Sesame Street recently introduced it’s newest muppet, Julia, a four-year-old with autism. The news was met with praise and seen as another step in improving awareness around autism, however, little is still known about the disorder.
The origin of autism is a question that has been around for more than 100 years. Back in 1908, it was first described as a severe type of schizophrenia, which they called autism. It is widely believed that Dr. Leo Kanner came up with the first descriptions of children with typical autism behavior in 1943. By the 1960s, Dr. Bruno Bettleheim along with Dr. Kanner assumed the condition was caused by parent’s neglect and frigid mothers, leading to a troubling time period for parents accused of causing the condition.
Fortunately for these accused parents, psychologist Dr. Bernard Rimland, strongly disagreed with this targeted assumption. Dr. Rimland, the father of an autistic child, started to investigate the causes of the condition and subsequently went on to found the Autism Research Institute.
Until the 1980s, autism was thought to be a behavioral problem not a medical condition. Now an autistic diagnosis is made if the patient presents exhibits problems in socialization, speech, and involuntary movements. It is categorized depending on severity from I to III. Other considerations like intellectual disability and genetic syndromes are added.
The incidence of autism has skyrocketed in the last 30 years. In the 1960s, 1 in 2500 persons had autism; now 1 in 45 in the United States with updated numbers expected soon. The increase has puzzled scientists from all around the world and hundreds of studies are published every year looking for the cause and treatment. A 25-fold increase in 50 years should alarm us all and if it continues, it is expected that 1 in 2 children will be on the autistic spectrum by 2025.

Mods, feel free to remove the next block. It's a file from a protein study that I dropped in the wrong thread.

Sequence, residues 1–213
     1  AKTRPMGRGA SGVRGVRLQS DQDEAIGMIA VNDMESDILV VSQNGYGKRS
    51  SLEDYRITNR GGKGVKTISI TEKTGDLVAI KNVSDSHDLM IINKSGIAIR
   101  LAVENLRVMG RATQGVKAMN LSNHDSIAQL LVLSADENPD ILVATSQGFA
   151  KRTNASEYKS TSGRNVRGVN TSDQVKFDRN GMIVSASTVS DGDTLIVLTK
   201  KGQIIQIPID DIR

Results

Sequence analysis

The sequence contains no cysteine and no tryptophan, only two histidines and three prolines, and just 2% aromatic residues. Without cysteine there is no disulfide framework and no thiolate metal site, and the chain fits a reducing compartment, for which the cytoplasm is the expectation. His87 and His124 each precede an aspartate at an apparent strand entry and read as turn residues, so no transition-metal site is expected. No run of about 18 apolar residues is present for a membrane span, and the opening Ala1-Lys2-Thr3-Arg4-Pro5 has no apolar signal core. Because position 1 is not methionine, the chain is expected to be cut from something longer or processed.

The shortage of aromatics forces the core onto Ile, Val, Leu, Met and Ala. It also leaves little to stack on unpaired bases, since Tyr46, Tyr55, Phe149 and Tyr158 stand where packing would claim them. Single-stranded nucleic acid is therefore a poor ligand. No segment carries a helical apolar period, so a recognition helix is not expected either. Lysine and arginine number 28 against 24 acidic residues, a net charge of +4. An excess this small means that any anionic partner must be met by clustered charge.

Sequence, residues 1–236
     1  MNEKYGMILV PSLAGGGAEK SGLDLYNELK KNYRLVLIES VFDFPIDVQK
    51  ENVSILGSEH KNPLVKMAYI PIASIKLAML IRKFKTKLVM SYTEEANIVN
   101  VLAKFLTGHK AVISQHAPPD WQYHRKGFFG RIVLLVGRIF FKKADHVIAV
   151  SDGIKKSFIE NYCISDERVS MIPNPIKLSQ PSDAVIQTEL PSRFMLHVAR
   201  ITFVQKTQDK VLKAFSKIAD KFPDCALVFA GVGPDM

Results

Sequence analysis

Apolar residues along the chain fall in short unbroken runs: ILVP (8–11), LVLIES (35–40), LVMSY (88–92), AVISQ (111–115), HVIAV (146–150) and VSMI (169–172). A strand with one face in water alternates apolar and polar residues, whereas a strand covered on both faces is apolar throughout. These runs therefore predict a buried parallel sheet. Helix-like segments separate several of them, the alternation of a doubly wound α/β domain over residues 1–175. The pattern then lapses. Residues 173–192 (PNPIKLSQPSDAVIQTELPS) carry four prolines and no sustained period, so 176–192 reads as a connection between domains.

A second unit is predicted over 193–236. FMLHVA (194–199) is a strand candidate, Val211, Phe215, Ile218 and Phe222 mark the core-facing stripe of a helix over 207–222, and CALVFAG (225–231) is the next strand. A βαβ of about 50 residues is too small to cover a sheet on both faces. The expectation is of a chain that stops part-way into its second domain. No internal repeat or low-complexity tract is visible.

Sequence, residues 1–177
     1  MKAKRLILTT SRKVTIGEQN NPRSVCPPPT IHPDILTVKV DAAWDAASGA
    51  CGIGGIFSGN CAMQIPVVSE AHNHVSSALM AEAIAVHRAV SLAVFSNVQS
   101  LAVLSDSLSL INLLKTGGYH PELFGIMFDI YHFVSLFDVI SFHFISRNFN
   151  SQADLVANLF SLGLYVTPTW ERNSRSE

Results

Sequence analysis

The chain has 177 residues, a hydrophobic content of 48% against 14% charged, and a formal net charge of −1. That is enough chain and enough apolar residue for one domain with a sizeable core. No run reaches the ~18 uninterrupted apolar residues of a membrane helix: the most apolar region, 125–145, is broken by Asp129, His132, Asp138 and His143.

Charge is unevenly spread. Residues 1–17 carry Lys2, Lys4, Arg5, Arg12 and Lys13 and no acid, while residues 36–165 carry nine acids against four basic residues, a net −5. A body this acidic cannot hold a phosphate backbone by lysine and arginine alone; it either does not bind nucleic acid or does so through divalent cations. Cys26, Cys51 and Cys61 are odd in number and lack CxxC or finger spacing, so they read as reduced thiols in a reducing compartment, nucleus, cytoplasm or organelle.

Although medical professionals acknowledge increased awareness and earlier diagnosis are contributing factors to the incidence increasing, it does not explain the exponential increase. More and more studies support the theory that it is associated to environmental factors like increases in exposure to toxins, genetically modified food, and food that has less nutrients. Despite the many theories about the cause of autism, a single one has not been established.
In my experience and after treating thousands of children and adults with autism, I suspect the following: autism is a genetic problem that causes the body to have problems with detoxification, which leads to an abnormal response on the immunologic and metabolic system. This response affects the production of energy at the cellular level (Krebs cycle), causing an inflammatory response that affects multiple systems including, the gastrointestinal system (neurotransmitters, nutrient absorption, Dysbiosis, Leaky Gut Syndrome, etc.), neurological system (astroglia inflammation, neurons communication, brain development in general, etc.), and problems with thyroid and glucose.
Treatment can be challenging because it is based on the way our body metabolizes or breaks down chemicals. We have trillions of chemical reactions in our body that are run by proteins that are dependent on our genes. We do not have genetic testing yet that has a high yield in demonstrating where is the specific problem, so it is very hard to determine the perfect treatment.
From my experience, the best results in treatment are going to be achieved by being able to identify the medical problems utilizing the tools we have available at the present day. After identification, a patient can start an aggressive protocol of individualized neuro-stimulation.
If treated appropriately, the patient can improve significantly to the point that symptoms regress. It is very important to understand that what works in one patient with autism does not necessarily work in another. The key to success for all patients is a team approach – knowledgeable, experienced professionals teamed with persistent and organized parents or caregivers.
You can find Dr. Baez Franceschi on her weekly Facebook Live event.
This information is for informational and educational purposes only and is not a substitute for medical advice, diagnosis or treatment.